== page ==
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Doctor-patient Visit Versus Internet Directive for Carpal Tunnel Syndrome Patients
Khin-Kyemon Aung, AB; Wei Kang Wu, BA; Andrew Tokumi, BA; Phoebe Kuo, AB; Charles Day, MD, MBA
Orthopedics, Beth Israel Deaconess Medical Center, Boston, MA

Introduction: 62% of patients would like their doctor to recommend a specific website to find health information, but only 3% of patients receive such recommendations. We investigate whether providing patients with an internet website link would improve patient knowledge and satisfaction. Our hypothesis is that directing patients to a reliable website would improve both.

Material & Methods: 60 patients with a new diagnosis of carpal tunnel syndrome (CTS) were prospectively randomized into two groups (Figure 1). 23 patients in the control group received a traditional doctor's visit with standard care for CTS. 37 patients in the handout group were directed to the ASSH webpage on CTS in addition to the doctor's visit. Patients later completed a 10-question true/false knowledge questionnaire and a 6-item satisfaction survey. Differences in scores were analyzed using two sample t-tests.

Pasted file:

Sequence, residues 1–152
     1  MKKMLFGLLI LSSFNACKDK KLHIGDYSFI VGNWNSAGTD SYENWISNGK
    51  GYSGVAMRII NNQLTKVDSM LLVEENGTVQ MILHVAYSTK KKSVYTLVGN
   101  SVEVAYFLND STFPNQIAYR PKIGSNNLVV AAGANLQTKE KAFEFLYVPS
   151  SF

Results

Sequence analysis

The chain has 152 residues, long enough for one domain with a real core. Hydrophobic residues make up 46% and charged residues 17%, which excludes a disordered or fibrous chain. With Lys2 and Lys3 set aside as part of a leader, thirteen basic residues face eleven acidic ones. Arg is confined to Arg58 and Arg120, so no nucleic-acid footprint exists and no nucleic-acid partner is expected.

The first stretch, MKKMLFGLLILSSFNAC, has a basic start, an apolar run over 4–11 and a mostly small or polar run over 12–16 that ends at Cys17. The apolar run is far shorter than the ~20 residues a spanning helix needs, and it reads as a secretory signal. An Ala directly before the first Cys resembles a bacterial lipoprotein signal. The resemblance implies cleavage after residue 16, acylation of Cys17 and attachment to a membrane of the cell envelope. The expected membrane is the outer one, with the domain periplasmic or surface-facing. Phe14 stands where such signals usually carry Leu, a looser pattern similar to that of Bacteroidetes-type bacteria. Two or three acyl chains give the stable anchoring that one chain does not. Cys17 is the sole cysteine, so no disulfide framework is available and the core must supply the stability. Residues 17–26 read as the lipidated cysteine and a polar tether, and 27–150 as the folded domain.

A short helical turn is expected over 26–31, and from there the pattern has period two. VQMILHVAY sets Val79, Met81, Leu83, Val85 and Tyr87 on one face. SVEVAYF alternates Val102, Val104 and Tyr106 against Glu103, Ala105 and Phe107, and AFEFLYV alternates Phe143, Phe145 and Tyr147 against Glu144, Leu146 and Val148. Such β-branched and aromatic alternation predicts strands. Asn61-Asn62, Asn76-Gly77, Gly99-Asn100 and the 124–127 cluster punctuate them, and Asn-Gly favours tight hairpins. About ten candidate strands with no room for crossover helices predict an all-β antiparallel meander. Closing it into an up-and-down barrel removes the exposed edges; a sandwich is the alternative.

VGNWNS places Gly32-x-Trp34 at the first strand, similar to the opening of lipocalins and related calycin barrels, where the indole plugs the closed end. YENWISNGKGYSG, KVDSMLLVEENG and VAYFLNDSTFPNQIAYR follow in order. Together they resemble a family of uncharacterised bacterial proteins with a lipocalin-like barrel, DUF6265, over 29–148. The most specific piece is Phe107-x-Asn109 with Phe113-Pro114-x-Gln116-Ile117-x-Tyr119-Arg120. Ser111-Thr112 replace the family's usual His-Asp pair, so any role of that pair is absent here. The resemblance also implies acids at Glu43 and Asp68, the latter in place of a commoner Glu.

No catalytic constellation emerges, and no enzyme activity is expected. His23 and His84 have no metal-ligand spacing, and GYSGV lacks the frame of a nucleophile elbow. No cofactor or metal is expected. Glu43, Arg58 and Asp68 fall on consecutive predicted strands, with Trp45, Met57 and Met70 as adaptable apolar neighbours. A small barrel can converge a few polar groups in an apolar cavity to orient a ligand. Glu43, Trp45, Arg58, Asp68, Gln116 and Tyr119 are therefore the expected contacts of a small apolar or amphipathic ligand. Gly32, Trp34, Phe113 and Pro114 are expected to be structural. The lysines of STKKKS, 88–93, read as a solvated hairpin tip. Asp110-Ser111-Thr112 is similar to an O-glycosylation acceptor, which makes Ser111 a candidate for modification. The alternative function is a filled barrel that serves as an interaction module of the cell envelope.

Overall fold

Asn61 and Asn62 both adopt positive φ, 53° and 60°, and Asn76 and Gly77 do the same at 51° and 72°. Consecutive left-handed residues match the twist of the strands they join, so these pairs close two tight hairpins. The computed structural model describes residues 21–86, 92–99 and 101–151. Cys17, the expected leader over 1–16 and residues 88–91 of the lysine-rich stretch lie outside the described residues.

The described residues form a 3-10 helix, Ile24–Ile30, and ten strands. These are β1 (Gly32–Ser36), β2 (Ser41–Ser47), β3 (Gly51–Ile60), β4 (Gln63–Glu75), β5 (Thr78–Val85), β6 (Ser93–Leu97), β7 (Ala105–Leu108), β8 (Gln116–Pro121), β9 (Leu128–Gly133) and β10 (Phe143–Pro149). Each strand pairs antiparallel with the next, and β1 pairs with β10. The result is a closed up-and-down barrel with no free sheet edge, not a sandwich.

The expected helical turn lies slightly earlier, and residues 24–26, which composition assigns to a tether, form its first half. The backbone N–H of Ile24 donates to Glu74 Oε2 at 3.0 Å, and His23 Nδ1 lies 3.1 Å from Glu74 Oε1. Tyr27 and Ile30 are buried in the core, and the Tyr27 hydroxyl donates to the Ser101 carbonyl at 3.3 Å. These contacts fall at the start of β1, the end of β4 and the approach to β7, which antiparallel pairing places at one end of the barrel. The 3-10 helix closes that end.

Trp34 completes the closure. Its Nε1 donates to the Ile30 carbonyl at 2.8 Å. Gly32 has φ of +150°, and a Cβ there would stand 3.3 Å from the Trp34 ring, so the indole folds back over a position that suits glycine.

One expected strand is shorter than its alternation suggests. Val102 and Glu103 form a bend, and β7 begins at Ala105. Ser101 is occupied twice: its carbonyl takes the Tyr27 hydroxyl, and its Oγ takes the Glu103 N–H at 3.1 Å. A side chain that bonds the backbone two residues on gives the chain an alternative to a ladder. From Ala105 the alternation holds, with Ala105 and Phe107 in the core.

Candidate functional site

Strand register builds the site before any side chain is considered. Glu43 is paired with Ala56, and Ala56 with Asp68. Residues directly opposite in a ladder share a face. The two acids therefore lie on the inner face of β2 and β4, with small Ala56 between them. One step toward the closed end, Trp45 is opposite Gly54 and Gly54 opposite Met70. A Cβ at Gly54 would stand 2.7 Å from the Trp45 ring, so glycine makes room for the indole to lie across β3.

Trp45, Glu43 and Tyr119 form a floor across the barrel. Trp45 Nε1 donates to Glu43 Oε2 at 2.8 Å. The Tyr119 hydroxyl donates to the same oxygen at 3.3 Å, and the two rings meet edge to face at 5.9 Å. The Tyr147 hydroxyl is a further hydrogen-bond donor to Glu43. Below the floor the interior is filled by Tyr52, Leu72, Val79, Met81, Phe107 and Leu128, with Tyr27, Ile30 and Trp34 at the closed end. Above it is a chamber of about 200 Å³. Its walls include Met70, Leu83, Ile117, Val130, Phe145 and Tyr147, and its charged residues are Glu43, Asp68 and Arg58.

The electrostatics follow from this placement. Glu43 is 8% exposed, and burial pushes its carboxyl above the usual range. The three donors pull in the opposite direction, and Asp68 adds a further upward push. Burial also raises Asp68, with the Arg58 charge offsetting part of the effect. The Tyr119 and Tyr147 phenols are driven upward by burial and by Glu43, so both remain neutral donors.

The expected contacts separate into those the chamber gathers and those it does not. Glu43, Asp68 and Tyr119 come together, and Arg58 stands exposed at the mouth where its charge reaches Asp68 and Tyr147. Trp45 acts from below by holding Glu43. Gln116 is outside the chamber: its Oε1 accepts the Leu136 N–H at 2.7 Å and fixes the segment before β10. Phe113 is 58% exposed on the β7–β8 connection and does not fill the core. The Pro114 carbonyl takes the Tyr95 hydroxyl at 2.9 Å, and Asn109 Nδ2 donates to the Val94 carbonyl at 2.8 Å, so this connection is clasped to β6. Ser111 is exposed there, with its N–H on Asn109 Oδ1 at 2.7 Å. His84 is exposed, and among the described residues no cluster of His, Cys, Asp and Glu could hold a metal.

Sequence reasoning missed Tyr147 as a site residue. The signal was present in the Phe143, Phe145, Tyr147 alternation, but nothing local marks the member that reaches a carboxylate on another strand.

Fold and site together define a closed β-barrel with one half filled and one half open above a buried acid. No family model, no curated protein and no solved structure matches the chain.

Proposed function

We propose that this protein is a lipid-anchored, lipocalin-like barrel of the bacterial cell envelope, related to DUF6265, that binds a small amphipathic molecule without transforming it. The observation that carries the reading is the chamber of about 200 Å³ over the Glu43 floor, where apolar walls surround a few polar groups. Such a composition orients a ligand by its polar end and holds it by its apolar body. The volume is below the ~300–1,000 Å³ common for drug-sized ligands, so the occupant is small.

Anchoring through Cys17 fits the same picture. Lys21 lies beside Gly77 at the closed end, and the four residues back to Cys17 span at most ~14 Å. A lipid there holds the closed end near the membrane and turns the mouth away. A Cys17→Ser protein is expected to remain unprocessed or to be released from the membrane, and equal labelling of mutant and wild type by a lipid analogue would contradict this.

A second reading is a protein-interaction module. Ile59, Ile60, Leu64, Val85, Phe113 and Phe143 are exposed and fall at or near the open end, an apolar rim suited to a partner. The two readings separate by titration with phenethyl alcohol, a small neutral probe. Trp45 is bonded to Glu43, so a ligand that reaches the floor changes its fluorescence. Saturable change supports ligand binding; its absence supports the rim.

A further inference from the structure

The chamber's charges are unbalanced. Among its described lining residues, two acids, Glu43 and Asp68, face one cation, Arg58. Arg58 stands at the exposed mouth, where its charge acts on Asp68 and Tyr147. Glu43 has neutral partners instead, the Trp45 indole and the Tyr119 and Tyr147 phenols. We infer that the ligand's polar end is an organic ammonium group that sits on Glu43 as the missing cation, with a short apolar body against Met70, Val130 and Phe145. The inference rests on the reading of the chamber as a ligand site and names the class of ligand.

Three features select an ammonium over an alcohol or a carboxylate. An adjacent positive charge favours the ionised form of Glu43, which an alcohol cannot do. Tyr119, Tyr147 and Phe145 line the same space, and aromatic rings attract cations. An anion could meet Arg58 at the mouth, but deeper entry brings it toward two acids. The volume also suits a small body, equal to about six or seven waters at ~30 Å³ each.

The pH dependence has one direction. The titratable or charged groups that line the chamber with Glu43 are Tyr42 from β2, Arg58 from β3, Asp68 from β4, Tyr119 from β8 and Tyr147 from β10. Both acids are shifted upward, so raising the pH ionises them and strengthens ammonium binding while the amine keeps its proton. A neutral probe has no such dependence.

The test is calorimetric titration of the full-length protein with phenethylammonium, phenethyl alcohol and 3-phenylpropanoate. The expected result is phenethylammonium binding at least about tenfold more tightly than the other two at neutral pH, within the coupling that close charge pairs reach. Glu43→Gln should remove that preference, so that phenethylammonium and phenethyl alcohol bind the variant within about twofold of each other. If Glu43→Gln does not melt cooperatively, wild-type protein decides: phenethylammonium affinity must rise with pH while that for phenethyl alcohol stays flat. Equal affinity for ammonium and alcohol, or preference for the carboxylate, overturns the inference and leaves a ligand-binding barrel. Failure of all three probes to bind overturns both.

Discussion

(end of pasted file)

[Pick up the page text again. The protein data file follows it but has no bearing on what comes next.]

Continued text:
Results: Less than half of patients (48%) said they used the internet to learn more about CTS. Scores on the knowledge assessment (treatment: 6.84/10; control: 6.96/10), and the satisfaction survey (treatment: 4.64/5; control: 4.63/5) were similar for both groups (Figures 2 and 3). Patients who used the ASSH website scored similarly in knowledge to those who did not (ASSH: 6.89/10; non-ASSH: 6.97/10). Moreover, compared to patients who did not use the internet at all to learn about CTS, patients who used the internet scored 6.6% better (internet: 7.14/10; no internet: 6.70/10. p>.05). Regardless of internet usage, most patients scored well on knowledge and reported high satisfaction.

Conclusion: Whether the patient was given a handout, visited the ASSH or other internet websites, knowledge and satisfaction scores for all patients were similar. Since the physician was the common denominator in all the patient groups, results indicate that the patient-physician relationship may be more valuable to patient education than the internet. If the surgeon provides an internet link, then close to half of the patients will use it. Within those who use the physician-recommended website, 83% will actively seek knowledge using other internet sources.

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